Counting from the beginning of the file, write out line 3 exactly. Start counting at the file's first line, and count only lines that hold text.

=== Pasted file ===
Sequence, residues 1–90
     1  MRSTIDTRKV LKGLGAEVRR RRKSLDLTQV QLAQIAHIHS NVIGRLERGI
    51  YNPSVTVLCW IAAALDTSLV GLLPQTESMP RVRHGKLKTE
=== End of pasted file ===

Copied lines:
    51  YNPSVTVLCW IAAALDTSLV GLLPQTESMP RVRHGKLKTE